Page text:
Lost after a stroke helps scientists understand how the brain distinguishes colors

Despite the presence of more and more advancedmedical technologies and techniques, much in our body is still unexplored. One of the biggest mysteries remains the brain. Of course, the general principles of operation and functioning of the main organ of the central nervous system are known, but some details are still not fully understood. And recently, a group of neurosurgeons from France was able to understand how the brain distinguishes colors. Moreover, a rather rare defeat of the central nervous system helped them in this.

Scientists still have not fully figured out how our brain interprets colors

But first, let's get a little deeperof that, but how do we actually distinguish colors? You did not think about why identifying, say, yellow, we call it that. Yes, we can say that this is just a name coined by us, which serves to better understand the world around us. And here we come to a very interesting thought: the processes of naming colors and their recognition by the brain are two areas that are independent of each other. Which are nevertheless somehow connected. By the way, scientists also argue that the brain needs to be trained regularly, providing it with new information. Our news telegram channel is perfect for this.

See also: Scientists were able to create an artificial brain in the laboratory.

Detect this connection (or at leastsuggest "where to look") French neurosurgeons from the Paris hospital Salpetriere helped not a very pleasant incident. One of the patients admitted to the medical institution suffered a stroke in the left hemisphere of the brain, after which a rather small lesion area remained at the site of the stroke. This had almost no effect on the neurological status of the patient, except for one point: he lost the ability to name individual colors (in this case, red, blue and green) and to name the color of objects if they were of the corresponding color. However, at the same time, according to more in-depth testing, a person has retained the ability to distinguish between shades of the same color and the difference between colors. That is, he could distinguish colors, but could not give them a name.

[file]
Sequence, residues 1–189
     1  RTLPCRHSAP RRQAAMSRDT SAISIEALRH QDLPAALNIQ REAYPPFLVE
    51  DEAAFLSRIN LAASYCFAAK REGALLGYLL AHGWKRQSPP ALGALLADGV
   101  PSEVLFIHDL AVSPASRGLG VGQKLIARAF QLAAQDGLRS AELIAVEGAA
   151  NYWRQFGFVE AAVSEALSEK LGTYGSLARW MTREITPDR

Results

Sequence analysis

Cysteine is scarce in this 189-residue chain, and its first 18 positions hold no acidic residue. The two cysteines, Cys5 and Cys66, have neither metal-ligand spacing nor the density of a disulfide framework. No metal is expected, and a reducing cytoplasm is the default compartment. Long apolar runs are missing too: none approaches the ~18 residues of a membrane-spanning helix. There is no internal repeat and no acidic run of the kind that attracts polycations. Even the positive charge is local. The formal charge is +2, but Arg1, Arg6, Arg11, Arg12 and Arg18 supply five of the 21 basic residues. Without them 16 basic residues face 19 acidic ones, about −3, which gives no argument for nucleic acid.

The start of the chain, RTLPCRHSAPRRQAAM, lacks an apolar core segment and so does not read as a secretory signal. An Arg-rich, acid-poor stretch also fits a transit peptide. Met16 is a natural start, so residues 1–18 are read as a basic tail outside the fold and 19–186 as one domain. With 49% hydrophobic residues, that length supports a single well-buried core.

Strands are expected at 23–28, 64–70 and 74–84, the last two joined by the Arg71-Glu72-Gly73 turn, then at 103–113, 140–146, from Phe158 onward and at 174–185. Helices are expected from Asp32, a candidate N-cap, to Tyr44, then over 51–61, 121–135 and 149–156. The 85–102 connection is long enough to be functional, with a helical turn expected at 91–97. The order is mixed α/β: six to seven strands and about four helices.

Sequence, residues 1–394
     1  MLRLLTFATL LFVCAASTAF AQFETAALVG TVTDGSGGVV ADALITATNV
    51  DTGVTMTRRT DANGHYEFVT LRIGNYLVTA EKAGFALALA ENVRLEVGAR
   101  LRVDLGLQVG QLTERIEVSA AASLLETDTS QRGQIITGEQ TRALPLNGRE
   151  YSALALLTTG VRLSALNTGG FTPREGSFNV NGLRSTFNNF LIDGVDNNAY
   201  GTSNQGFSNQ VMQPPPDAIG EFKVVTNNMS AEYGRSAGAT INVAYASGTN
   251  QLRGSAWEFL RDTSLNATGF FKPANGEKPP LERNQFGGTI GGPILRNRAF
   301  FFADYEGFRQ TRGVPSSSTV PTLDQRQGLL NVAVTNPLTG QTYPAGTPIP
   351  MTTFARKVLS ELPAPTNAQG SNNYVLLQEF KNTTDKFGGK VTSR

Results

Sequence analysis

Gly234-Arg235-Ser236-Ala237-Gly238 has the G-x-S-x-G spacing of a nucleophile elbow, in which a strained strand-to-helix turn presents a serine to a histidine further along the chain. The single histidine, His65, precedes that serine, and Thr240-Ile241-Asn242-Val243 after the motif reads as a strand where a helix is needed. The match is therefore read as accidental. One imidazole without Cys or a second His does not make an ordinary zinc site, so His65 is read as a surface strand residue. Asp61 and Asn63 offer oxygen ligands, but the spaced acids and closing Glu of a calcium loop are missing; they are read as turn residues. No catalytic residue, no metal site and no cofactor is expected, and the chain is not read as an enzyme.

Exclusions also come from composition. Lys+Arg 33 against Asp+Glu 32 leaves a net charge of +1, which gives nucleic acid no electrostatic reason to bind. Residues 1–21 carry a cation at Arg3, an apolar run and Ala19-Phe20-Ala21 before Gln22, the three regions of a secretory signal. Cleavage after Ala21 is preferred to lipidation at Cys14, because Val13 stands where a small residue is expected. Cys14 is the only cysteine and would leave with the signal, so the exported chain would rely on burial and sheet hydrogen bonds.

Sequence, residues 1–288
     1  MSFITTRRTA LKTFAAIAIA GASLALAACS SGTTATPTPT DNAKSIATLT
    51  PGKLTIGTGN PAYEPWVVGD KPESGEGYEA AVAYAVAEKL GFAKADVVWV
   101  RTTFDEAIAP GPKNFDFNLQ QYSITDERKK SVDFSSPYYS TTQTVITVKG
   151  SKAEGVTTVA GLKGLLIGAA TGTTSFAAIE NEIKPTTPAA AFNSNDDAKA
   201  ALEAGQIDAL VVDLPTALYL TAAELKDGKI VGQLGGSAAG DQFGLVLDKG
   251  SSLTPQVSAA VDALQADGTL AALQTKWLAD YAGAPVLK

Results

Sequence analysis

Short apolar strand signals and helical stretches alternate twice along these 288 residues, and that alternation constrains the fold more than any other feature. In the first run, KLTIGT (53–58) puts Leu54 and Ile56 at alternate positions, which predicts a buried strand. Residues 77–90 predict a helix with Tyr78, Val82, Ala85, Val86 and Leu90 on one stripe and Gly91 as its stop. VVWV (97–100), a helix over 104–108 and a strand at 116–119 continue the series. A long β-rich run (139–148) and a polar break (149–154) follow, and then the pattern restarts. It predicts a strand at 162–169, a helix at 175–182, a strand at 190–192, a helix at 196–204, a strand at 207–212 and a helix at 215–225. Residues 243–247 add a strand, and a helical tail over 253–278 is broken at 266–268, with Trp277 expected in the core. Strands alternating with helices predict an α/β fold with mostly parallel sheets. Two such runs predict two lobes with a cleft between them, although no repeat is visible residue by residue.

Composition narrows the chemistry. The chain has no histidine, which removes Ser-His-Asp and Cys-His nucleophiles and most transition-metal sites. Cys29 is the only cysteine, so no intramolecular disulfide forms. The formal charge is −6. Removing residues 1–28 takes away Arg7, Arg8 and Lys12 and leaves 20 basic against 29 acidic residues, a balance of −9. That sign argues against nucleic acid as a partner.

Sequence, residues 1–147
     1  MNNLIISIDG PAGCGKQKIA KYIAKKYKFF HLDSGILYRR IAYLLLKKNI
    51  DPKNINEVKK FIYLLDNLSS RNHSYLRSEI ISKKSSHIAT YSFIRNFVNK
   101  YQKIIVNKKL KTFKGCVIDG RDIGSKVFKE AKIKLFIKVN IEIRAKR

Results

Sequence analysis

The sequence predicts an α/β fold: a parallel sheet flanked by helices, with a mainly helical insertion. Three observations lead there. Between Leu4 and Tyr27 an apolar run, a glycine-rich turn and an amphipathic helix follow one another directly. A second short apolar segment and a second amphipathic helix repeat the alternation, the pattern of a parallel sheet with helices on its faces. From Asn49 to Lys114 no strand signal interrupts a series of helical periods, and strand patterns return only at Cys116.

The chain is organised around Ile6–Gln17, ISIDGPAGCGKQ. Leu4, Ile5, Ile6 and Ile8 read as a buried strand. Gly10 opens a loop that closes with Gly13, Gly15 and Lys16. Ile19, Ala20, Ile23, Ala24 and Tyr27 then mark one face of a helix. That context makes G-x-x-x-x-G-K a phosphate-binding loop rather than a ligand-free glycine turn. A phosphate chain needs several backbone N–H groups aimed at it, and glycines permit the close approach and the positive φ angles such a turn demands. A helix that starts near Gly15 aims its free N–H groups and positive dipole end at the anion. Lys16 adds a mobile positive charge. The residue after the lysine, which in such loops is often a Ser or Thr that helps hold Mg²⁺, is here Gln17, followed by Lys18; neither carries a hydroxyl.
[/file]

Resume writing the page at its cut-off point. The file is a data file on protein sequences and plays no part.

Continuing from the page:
In fact, we perceive colors as"Continuous." That is, there is no sharp border between, say, red and blue. And yet, conceptually, we group colors into categories related to color names, ”says neurosurgeon Paolo Bartolomeo from Salpetriere Hospital, one of the authors of the work. It is assumed that the classification of colors depends on the outgoing signal from the language system to the visual cortex. It is believed that the names of the colors are stored in the left hemisphere of the brain and depend on the language activity in the left side of the brain. However, recent evidence confirms recent neuroimaging studies suggesting that color categorization is distributed bilaterally in the human brain.

Estimated location of color recognition zones

Thus, the doctors concluded thatthe perception of color and the assignment of a specific name to it - these are very few related processes. Our brain itself "came up with" how to build a connection between the color of its object and its name. This statement is also supported by the fact that the patient retained the ability to name and distinguish white, black and gray colors. This means that the systems responsible for recognizing these colors and their shades can be in a completely different part of the brain.

And finally, in order to make sureSince the patient’s reaction is not related to abnormalities in the brain itself, the researchers compared the functioning of the unaffected areas of the patient’s brain with the functioning of the same areas of the brain in healthy people. As a result, the authors of the study did not find significant differences in the structure of the central nervous system of the subjects.